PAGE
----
Saving energy is important for humans and animals alike when resources are limited. Scientists at the Research Institute of Wildlife Ecology of the University of Veterinary Medicine, Vienna, found out that although higher-ranked red deer gain privileged access to patches of food, they also have higher metabolic rates and thus use more energy. This can be a serious disadvantage in winter when red deer rely largely on their limited stored body fat to survive.
Energy budget adjustments
Energy is the currency of life, and a central topic of wildlife ecological research is to understand how animals regulate their energy budgets with respect to its limited supply in the environment. Chris Turbill and colleagues set out to test the hypothesis that high rank, i.e. social dominance might be associated with higher metabolic rate. They measured heart rate and body temperature (proxy indicators for metabolic rate) using minimally invasive rumen transmitters in a herd of female red deer (Cervus elaphus) during winter. Red deer have a highly hierarchical herd structure. Before the experiment, behavioural observations were used to determine the social status of individuals in the group. The animals were allowed to move freely in the approx. 45 hectare large natural enclosure of the Research Institute. Owing to the poor natural forage available over winter, the deer were also fed pellets at an automated feeding station, which enabled the researchers to periodically restrict food rations and test the physiological impact of dominance in situations of food scarcity.
Dominance is costly
Red deer must withstand a negative energy balance over the winter season and maintenance of their body mass is critical to survival and reproduction. In lean times red deer, and other northern ungulates, save energy by drastically reducing their metabolism over cold winter nights -- an energy-saving mechanism scientists refer to as "hypometabolism." Socially dominant animals, however, are less good at this. The experimental results found that dominant individuals do have faster heart rates and higher body temperatures during winter compared to subordinates. Consequently, dominant individuals suffered higher rates of body mass loss during periods of low food availability than subordinates. Because the normally disadvantaged lower-ranked individuals do better in keeping their head low, slowing down, and chilling out, they seem to withstand severe winter conditions better.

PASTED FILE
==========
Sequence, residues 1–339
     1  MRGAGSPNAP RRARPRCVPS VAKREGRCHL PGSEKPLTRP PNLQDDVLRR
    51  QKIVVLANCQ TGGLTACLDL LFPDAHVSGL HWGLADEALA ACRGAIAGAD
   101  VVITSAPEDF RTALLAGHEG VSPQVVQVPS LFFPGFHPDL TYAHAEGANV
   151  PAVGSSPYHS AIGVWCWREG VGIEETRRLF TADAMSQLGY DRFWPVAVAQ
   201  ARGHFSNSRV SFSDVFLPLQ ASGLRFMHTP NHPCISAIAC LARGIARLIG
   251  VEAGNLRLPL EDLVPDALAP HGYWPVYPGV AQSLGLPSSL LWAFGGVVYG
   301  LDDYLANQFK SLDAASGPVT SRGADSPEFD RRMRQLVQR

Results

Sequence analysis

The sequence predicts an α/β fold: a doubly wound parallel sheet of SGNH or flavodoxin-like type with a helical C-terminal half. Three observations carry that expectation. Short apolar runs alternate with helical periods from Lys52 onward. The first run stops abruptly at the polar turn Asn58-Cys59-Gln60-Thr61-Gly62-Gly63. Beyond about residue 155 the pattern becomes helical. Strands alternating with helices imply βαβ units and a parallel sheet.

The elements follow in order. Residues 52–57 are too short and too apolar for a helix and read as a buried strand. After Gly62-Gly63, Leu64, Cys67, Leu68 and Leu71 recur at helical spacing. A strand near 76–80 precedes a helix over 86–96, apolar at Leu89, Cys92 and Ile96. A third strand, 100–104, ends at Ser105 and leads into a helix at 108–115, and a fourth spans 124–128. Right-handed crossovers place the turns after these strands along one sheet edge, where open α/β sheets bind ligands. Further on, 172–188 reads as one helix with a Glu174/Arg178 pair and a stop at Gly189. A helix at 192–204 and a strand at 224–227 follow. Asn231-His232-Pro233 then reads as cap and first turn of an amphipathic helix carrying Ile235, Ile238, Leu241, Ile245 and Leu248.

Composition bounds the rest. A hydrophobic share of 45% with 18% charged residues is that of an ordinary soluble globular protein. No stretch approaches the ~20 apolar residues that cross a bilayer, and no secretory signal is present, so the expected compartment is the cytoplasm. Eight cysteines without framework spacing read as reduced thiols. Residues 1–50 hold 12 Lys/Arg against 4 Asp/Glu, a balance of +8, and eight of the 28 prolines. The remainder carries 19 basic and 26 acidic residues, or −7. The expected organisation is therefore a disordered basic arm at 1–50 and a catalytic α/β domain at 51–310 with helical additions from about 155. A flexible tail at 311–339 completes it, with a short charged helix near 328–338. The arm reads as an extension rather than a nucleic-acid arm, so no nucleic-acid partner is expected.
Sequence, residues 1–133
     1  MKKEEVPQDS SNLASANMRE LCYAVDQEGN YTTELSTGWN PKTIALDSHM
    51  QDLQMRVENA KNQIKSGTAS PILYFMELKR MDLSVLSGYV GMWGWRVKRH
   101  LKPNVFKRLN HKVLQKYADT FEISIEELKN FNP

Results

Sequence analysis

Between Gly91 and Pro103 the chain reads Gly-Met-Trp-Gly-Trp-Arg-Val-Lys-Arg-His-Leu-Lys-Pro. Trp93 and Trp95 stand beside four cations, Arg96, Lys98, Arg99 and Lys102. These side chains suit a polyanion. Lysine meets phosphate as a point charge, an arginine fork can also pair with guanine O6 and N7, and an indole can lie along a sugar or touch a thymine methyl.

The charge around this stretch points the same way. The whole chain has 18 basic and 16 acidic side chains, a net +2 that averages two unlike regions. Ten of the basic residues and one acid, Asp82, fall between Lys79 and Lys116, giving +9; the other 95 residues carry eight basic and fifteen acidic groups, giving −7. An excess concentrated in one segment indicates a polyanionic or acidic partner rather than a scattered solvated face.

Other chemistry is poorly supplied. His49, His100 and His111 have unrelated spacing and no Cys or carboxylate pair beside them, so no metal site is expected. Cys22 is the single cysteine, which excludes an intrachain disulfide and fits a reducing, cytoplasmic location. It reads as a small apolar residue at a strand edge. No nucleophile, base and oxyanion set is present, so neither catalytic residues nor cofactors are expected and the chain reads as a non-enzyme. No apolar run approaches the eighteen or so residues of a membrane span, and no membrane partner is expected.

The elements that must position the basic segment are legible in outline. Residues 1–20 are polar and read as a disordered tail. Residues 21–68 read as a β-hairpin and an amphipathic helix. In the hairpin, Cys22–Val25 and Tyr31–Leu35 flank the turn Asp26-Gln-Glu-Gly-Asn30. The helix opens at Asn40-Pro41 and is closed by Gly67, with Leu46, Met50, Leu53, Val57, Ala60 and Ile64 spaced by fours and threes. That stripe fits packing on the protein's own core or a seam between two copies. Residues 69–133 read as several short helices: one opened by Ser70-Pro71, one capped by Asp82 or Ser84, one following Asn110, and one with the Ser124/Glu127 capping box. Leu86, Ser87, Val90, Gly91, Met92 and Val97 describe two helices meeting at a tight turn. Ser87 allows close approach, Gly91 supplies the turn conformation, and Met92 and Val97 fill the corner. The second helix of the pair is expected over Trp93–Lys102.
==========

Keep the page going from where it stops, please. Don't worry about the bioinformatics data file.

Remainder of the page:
Average values hide part of the picture
Physiological ecologists have long been surprised by the observation that individuals often exhibit large differences in physiological characteristics, such as metabolic rate, even under identical conditions. Why should they differ? A recent surge of interest in animal personalities has proposed a logical explanation: individuals exhibit particular combinations of behavioural, physiological and life-history traits that together characterise an individual 'pace-of-life syndrome'. Walter Arnold, Head of the Research Institute of Wildlife Ecology, emphasizes: „Until recently physiologists have mostly been concerned with mean values of traits within wildlife populations. Our results show that there can be significant individual differences in physiological processes within one species, and these should not be ignored. After all, evolution builds on individual differences as the units of natural selection."
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